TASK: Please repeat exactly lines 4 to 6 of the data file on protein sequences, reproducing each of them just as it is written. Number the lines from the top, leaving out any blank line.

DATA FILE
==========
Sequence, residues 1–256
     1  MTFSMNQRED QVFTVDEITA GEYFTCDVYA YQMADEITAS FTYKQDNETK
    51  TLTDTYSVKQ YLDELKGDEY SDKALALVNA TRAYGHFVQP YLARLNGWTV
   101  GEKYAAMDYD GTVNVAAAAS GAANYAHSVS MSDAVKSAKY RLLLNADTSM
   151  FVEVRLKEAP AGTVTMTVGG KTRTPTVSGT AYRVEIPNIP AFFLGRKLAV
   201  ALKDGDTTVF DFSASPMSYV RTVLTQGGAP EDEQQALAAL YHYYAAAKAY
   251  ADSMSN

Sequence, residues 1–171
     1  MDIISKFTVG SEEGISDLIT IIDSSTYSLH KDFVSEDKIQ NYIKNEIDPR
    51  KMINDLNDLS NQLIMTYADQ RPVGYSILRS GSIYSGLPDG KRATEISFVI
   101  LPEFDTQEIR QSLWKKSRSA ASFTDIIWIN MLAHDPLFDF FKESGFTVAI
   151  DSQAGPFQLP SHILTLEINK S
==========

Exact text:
   101  GEKYAAMDYD GTVNVAAAAS GAANYAHSVS MSDAVKSAKY RLLLNADTSM
   151  FVEVRLKEAP AGTVTMTVGG KTRTPTVSGT AYRVEIPNIP AFFLGRKLAV
   201  ALKDGDTTVF DFSASPMSYV RTVLTQGGAP EDEQQALAAL YHYYAAAKAY